Home
Damage caused by drivers crashing into and mounting bollards means heavier-duty solution needed

Bristol City Council was forced to install temporary barriers on a new bike lane to protect cyclists after a series of drivers crashing into and mounting "innovative" concrete bollards caused significant damage, which resulted in two injuries, according to the council.

The Toby bollards, used on the new "Dutch-style" Clarence Road bike lane alongside the River Avon in Bristol, are commonly seen in Europe, but appear not to be strong enough to withstand life on a busy British A road.

Although the bollards were only installed this month, work will start in early November to replace them with more expensive but sturdier kerbs, a move criticised locally, but defended by campaigners who say councils have a duty to trial cheaper options that haven't yet been used in the UK.

Bristol bike lane bollards: "If they're stopping cars they're doing their job"

Peter Mann, Service Director for Transport, told road.cc the work will fall within the project's original budget.

“The cycle lane on Clarence Road was the first of its kind in the city with an innovative type of bollard which we hoped would provide a facility to separate cyclists from traffic and pedestrians at a low cost," he said.

“We often use methods from other countries, particularly the Netherlands, and this method has been done successfully overseas, but unfortunately the new bollards are more vulnerable to impact from vehicles than expected.

Mann said the temporary barriers will allow cyclists to continue to use the route, and work will start in early November to replace the bollards with "robust kerbs".

 “The area is safe but of course has risks and there have been two incidents where people have been injured, which officers are currently investigating," said Mann.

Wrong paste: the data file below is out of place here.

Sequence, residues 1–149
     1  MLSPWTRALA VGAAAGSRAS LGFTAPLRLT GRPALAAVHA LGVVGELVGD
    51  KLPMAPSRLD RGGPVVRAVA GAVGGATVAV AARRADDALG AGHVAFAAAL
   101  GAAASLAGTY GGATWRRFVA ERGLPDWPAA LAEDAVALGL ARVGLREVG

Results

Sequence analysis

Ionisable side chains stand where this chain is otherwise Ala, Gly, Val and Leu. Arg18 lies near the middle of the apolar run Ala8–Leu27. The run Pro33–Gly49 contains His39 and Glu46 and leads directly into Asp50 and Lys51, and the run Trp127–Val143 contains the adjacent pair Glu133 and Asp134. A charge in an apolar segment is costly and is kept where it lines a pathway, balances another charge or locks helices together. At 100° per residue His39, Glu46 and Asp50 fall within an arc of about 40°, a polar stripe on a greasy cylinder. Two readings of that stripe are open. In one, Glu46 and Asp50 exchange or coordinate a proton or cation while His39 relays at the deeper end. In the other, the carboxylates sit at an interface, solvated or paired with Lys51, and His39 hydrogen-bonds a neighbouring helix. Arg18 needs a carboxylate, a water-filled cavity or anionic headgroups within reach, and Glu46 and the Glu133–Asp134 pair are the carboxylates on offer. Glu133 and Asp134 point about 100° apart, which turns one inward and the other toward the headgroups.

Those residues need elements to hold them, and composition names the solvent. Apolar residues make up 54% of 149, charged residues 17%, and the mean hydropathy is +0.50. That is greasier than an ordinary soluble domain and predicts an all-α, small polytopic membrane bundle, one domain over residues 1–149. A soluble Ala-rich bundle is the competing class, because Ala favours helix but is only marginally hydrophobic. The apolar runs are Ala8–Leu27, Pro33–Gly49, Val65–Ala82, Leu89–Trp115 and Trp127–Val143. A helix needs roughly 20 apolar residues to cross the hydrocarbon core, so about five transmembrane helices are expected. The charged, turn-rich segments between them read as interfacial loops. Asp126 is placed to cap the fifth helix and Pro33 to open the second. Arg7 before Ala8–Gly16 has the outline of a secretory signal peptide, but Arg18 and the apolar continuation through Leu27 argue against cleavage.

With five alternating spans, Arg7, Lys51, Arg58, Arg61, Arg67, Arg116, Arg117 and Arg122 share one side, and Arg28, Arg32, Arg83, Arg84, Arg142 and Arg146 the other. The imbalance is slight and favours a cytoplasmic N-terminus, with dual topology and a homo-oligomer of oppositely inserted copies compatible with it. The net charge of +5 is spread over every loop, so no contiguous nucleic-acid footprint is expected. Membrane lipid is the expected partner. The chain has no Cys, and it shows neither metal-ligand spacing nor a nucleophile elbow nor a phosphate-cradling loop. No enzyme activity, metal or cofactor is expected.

He said the protected cycle lane is still an attractive alternative to sharing the road with a high volume of motorised vehicles.

Bristol plans £35 million spend on cycleway network

Mann pointed to Bristol's history of cycling innovation, including its being the first UK city to trial advanced stop lines at traffic light junctions, as helping Bristol achieve one of the highest cycling rates of a major UK city, with 18 million bike trips made per year.

A recent survey by Sustrans found 89 per cent of people who do not cycle supported an increase in protected bike lanes, with 83 per cent of occasional riders and 86 per cent of regular riders also in support. Around two thirds of those living in Bristol (68 per cent) think the city would be better if people in general cycled more.

In 2013 Bristol was awarded funds from the Government's Cycle City Ambition Fund, as well as cycle funding from a number of other schemes. Mann says the council will continue to trial new cycling measures as part of their £4m cycling investment.

“It is important for us to continue that commitment to reduce congestion and pollution," he said.

Additional delays to completion of the Clarence Road route were caused by replacement of a water main by Bristol Water, and the collapse of the river wall as a result of flooding.